Peter is also Chairman of REGA, the association of the renewable energy generators in Australia, and Chairman of the Renewable and Sustainable Energy Roundtable, a federation bringing together the major renewable and sustainable industry organisations in Australia. He represented REGA at the United Nations Climate Change Conferences in The Hague in 2000, in Marrakech in 2001, and in New Delhi in 2003. He is a frequent keynote speaker at renewable energy conferences in Australia and overseas.
Peter is Director of number of businesses and community organisations including the 10 Days on the Island Festival. Amongst his public offices, he was for sixteen years closely involved with the Australian National University as a member of the University’s Council and as a member of the Finance Committee. He was also for a time a member of the Faculty of Law at the University of Tasmania. In 1999 Peter was made an Officer of the Order of Australia for his services to business and commerce in Australia and to Parliament.
Ms Kim Boyer, BA (1972 – Hons 1973), MHum (1983) Tas , Grad Dip Man, GradCert Health Econ Monash , JP received a Distinguished Alumni Award for outstanding service to the University of Tasmania in 2004.
Kim Boyer has been associated with the University of Tasmania since 1968 when she enrolled at the University in first-year units of the Bachelor of Arts degree course. Twenty years later she was successful in her bid to be elected, as a representative of the graduates, a member of the Council of the University. Kim remained on the Council as a representative of the graduates until 1993.
This period was a time of major change for the University. The Dawkins reforms imposed by the Commonwealth required the University to amalgamate with other institutions of higher education in the State to comply with benchmark enrolment targets that had been set by the Commonwealth. The University of Tasmania was to amalgamate with the Tasmanian State Institute of Technology and the Australian Maritime College. The ‘new' University of Tasmania emerged from the difficult and protracted negotiations that resulted. The guidance of wise and level heads was necessary to both bring the negotiations to a successful conclusion and to launch a new university that was truly State-wide in its outlook and application. Kim was a member of that leadership team.
It is a tribute to Kim's standing both within the University and the community that she was appointed by the Council, in 1996, as Deputy Chancellor of the University. She was the first woman to occupy that office. As Deputy Chancellor she regularly deputised for the Chancellor. She chaired the influential Buildings and Campus Committee and was a member of other Council committees. Subsequent to the death of the then Chancellor, the Honourable Mr Justice Zeeman in January 1998, Kim served as acting Chancellor for nearly nine months prior to the appointment of Dr Michael Vertigan.
As a member of Council and as Deputy and Acting Chancellor, Kim was noted for the enthusiastic and committed, yet perceptive manner in which she embraced her duties. She always retained the human touch and enjoyed great respect from her colleagues, and from the staff and graduates of the University. She also understood the importance of linking the University to its community. Kim was a great networker and was always happy to represent the University at a variety of forums. She understood the value of continuing links to the alumni and gave the University of Tasmania Alumni her total support. As such, she was a wonderful ambassador for the University of Tasmania.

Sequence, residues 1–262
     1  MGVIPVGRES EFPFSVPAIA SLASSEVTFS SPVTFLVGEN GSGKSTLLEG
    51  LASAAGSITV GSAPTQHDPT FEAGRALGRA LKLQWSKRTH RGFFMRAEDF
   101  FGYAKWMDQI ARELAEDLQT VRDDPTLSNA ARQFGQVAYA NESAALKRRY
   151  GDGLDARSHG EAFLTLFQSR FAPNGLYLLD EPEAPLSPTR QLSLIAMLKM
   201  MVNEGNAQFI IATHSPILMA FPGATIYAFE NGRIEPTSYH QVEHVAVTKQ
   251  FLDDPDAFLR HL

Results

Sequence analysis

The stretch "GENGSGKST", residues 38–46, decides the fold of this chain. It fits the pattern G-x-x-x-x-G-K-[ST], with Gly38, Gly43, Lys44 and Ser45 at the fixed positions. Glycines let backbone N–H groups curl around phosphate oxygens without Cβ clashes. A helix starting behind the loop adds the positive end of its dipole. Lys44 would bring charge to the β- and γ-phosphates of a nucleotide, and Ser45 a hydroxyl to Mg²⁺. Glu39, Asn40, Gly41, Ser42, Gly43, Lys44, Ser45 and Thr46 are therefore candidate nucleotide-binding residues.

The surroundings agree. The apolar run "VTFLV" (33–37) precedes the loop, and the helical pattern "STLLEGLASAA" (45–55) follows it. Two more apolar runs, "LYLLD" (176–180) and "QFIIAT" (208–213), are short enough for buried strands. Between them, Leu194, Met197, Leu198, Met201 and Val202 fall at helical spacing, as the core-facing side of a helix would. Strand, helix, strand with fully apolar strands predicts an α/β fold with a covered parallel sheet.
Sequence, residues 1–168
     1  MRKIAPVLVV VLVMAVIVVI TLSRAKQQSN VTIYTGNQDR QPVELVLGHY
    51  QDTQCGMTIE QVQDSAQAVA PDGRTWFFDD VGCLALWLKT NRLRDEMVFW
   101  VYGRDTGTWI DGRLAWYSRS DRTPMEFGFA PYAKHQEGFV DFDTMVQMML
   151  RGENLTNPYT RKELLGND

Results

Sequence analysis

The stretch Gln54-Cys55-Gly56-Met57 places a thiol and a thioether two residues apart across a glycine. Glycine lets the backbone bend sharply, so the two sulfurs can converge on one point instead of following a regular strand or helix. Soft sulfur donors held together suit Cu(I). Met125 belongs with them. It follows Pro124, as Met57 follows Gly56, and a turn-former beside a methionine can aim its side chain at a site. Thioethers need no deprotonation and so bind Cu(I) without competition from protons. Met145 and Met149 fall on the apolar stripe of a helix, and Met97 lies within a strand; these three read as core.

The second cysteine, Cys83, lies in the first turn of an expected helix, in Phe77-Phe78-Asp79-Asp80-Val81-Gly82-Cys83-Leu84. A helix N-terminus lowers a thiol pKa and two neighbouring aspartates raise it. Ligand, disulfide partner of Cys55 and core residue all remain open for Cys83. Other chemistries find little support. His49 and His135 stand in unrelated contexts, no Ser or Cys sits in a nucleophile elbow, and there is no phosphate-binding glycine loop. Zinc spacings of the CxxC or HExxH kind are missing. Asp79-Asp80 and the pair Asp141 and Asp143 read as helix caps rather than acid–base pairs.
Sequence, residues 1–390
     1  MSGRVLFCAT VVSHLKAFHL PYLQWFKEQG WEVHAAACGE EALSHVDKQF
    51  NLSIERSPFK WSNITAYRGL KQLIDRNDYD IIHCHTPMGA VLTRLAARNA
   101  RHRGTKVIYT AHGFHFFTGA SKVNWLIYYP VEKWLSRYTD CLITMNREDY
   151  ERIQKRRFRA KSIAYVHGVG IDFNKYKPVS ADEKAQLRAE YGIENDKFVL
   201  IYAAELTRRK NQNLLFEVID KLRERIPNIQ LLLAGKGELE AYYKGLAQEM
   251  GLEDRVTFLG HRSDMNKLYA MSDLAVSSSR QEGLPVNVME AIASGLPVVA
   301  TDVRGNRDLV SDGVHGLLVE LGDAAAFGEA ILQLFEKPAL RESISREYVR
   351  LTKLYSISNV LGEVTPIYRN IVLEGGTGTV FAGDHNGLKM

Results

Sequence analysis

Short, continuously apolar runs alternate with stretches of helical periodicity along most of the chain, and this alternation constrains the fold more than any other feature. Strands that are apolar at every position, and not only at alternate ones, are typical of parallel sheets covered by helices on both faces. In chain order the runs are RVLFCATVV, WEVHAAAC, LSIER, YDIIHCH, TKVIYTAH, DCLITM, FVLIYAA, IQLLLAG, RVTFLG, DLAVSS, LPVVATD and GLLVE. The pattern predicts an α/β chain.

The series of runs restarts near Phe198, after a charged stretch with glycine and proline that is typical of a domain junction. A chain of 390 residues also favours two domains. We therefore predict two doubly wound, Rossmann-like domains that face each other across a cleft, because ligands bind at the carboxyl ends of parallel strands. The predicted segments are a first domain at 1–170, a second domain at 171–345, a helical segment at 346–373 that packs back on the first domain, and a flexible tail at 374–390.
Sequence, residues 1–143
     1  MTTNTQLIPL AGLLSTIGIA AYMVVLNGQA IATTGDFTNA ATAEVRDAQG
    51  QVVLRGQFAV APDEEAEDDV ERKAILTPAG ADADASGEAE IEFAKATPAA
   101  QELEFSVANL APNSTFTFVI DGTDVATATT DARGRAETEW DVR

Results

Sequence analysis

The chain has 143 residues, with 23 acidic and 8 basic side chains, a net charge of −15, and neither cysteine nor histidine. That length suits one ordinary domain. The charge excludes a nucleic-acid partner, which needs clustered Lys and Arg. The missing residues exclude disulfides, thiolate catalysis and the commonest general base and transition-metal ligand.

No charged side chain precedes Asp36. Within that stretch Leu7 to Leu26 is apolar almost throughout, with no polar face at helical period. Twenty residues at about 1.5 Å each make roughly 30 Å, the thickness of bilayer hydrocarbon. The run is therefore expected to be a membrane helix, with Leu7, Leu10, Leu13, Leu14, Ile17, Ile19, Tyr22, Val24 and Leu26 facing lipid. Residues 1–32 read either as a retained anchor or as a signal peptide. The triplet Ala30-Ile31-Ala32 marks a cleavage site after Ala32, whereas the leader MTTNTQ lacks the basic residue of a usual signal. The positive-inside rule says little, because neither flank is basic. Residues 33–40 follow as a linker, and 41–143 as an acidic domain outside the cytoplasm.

Kim stepped down from Council and the office of Deputy Chancellor at the end of 2002. She has retained her links with the University however and is now a part-time Senior Research Fellow in the University Department of Rural Health. She continues to take an active interest in the University of Tasmania Alumni and to support the work of the Alumni.
The Rev Dr Christopher James Newell, AM, BA (1987) TSIT, BD Murd , MA W'gong, PhD Deakin , MACE received a Distinguished Alumni Award for service to the community.
Christopher Newell, teacher, ethicist, human rights activist and Anglican priest gave sustained and extraordinary service to the community with great merit and at great personal cost, in the service of people with disabilities and in the service of medical education, bioethics, pastoral care, telecommunication, and community development.
Dr Newell was Associate Professor of Medical Ethics within the School of Medicine at the University of Tasmania. He overcame his own disability to become one of the first students to complete a degree course by distance education through the Tasmanian State Institute of Technology. At that time he was searching for a direction in his life and the University hopes that it was instrumental in helping him find that direction.
He worked as tutor, lecturer and consultant in several higher education institutions. His outstanding contribution as an academic was in the areas of bioethics, technology policy, and disability studies. Dr Newell was a recognised authority in his areas of expertise and provides advice and consultancy to corporations and government bodies, and to universities and community sector organisations.
From 1994 to 2000 he was Vice-President of the Australian Bioethics Association and a member of the Australian Health Ethics Committee, a principal committee of the National Health and Medical Research Council. From 1997 to 2001 he also chaired the Telstra Consumer Consultative Council thus heading the largest corporate consultative process in Australasia.